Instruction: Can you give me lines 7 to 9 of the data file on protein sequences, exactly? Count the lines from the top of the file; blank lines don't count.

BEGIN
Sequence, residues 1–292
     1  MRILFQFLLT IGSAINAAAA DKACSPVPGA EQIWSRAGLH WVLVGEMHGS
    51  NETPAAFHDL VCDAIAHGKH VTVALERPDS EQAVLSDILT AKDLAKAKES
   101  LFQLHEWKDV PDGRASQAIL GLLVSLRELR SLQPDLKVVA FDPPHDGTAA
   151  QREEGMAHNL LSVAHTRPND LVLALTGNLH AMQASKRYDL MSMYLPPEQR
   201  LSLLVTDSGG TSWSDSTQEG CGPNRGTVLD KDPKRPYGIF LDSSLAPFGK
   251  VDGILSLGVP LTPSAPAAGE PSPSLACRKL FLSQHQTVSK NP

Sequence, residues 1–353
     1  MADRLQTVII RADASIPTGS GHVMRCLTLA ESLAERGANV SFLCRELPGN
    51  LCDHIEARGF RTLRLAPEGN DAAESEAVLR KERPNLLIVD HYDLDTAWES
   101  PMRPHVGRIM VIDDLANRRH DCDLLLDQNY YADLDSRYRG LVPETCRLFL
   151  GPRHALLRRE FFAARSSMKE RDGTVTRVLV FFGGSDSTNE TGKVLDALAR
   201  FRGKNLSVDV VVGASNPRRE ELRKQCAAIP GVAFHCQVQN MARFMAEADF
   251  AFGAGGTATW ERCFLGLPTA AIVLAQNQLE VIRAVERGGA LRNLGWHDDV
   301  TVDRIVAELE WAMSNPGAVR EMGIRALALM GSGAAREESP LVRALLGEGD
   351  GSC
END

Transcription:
   251  VDGILSLGVP LTPSAPAAGE PSPSLACRKL FLSQHQTVSK NP

Sequence, residues 1–353
     1  MADRLQTVII RADASIPTGS GHVMRCLTLA ESLAERGANV SFLCRELPGN